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Community cooking: Making pizzas the old-fashioned way

Students line up to eat as Sue Sailer carries a freshly-baked pizza to the table while teacher Mary Karkela cuts another pizza into pieces. Marie Johnson / Perham Focus1 / 9
Sue Sailer explains the inner workings of her wood-fired brick oven to students from Mary Karkela's 1:15 p.m. Creative Cooking class last Wednesday. Sailer also hosted the 11:15 a.m. class earlier that day. Marie Johnson / Perham Focus2 / 9
Sue Sailer moves a pizza from the oven to the table. In all, 26 pizzas were made last Wednesday. Marie Johnson / Perham Focus3 / 9
Students laugh while trying to stretch the dough for their pizza. Learning and cooking together are some of the benefits of using old-fashioned outdoor ovens. Marie Johnson / Perham Focus4 / 9
Bonnie Johnson, far left, a friend of Sue Sailer's, helps students select their dough for pizza-making. Marie Johnson / Perham Focus5 / 9
A pizza cooks inside the oven dome, where temperatures reach about 500 degrees. Ovens like this one can hold their heat for days after the fire goes out; in olden days, villagers would share communal outdoor ovens to bake their breads and other goods. Marie Johnson / Perham Focus6 / 9
The Sailers want their outdoor oven to be used in the spirit of "Learn. Bake. Share." Marie Johnson / Perham Focus7 / 9
Some students said the homemade, wood-fired pizzas were the best they'd ever had. Sue Sailer made the dough by hand and students got to pick their own fresh toppings. Marie Johnson / Perham Focus8 / 9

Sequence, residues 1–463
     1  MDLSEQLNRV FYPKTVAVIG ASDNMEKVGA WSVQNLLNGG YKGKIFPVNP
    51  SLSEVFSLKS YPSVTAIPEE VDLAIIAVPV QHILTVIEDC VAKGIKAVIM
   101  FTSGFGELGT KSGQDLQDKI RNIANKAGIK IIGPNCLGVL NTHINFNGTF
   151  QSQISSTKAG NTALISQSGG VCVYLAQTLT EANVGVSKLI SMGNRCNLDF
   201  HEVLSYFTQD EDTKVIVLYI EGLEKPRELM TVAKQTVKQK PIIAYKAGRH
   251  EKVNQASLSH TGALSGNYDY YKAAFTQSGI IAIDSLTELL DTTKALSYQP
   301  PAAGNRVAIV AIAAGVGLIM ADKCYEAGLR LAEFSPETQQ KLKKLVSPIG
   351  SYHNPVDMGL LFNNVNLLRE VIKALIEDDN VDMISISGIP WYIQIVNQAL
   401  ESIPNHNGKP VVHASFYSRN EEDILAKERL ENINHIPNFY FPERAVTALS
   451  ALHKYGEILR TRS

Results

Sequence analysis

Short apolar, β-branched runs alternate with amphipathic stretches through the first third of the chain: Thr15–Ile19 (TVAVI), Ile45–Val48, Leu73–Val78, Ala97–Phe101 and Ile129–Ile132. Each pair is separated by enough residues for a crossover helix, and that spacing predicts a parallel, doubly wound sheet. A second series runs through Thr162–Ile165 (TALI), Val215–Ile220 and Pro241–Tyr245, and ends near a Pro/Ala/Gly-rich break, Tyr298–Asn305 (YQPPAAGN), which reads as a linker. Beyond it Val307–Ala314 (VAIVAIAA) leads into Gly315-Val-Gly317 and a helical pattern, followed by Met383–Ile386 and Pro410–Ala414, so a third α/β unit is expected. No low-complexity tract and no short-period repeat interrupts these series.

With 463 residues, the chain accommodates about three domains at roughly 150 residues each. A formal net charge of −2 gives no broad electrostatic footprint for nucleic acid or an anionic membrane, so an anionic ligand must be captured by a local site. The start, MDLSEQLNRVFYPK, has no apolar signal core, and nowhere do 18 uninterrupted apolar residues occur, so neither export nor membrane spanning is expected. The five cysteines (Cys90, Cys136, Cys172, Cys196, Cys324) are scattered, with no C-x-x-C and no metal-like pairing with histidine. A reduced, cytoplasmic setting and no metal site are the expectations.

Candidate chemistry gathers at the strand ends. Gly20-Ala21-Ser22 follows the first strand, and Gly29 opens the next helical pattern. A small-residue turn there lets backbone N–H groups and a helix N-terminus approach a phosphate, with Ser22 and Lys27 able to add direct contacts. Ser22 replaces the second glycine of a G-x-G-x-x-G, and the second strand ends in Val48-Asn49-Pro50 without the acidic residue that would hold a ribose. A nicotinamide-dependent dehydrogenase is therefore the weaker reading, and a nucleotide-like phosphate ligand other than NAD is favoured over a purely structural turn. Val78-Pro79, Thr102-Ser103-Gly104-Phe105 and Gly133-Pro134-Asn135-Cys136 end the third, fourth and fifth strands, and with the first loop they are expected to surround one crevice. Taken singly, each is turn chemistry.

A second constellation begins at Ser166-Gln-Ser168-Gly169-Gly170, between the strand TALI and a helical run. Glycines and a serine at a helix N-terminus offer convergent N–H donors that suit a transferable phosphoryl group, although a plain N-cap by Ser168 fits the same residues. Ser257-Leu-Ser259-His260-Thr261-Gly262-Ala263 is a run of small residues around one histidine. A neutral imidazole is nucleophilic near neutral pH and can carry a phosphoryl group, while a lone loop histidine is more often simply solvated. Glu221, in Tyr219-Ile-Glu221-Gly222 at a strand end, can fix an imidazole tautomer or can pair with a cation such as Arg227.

Mary Martin, second from left, shows Perham High School students from Mary Karkela's Creative Cooking class how to work the dough into pizza crust. The class was on a field trip to Sue Sailer's residence north of Perham to cook pizzas in her new wood-fired brick oven. Marie Johnson / Perham Focus9 / 9

Learn. Bake. Share.

Those three words are depicted on the side of Sue Sailer's new wood-fired brick oven, a permanent nod to the spirit in which the oven was built.

In ancient times, outdoor ovens like these were communal. Villagers would gather around them to bake their breads, share family stories, debate the controversies of the day and teach each other new ways of preparing food. The ovens created a sense of community.

Last Wednesday, that feeling was recreated in the backyard of the Sailer house, north of Perham. Sue hosted more than 50 Perham High School students and a few of her own friends to share what she's learned about wood-fired brick ovens and then bake artisan pizzas with the kids.

It was a sunny fall day, and an earthy, appetizing aroma of dough baking at the hearth was in the air as Sailer shoveled dozens of pizzas in and out of the oven's baking chamber. Kids stretched and shaped dough for the crust, picked out their toppings and then watched as the intense heat of the oven worked its magic on their pies. It took only a few minutes for each pizza to cook, as the temperature inside the oven exceeded 500 degrees Fahrenheit. Everybody cooked and ate, talked and laughed.